PropertyValue
?:abstract
  • Court enforcement and private enforcement are not alternative contract enforcement mechanisms, but are used jointly by transactors to define the self-enforcing range of a contractual relationship. Within this framework contract terms economize on the limited amounts of private enforcement capital possessed by transactors, either by directly controlling transactor behavior or by shifting private enforcement capital between transactors to coincide with likely future market conditions. Hold-ups occur when market conditions change sufficiently to place the relationship outside the self-enforcing range. This probabilistic view of hold-ups is contrasted with opportunism more generally and with moral hazard behavior. ()
?:appearsInJournal
?:citationCount
  • 366 ()
is ?:cites of
?:cites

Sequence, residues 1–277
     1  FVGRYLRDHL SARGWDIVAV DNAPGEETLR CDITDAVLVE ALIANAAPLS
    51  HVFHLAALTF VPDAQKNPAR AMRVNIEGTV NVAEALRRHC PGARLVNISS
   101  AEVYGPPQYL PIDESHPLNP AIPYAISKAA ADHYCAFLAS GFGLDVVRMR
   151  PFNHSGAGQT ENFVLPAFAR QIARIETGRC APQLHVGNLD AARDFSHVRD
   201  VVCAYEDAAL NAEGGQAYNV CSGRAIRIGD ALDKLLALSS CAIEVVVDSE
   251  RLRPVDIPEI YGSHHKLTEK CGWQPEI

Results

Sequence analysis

?:created
  • 2016-06-24 ()
?:creator
?:doi
  • 10.1111/j.1465-7295.1996.tb01388.x ()
?:endingPage
  • 463 ()
?:estimatedCitationCount
  • 561 ()
is ?:hasCitedEntity of
?:hasDiscipline
?:hasURL
?:issueIdentifier
  • 3 ()
?:language
  • en ()
?:publicationDate
  • 1996-07-01 ()
?:publisher
  • Western Economic Association International ()
?:rank
  • 19082 ()
?:referenceCount
  • 21 ()
?:startingPage
  • 444 ()
?:title
  • Why 'Hold-Ups' Occur: The Self-Enforcing Range of Contractual Relationships ()
?:type
?:volume
  • 34 ()

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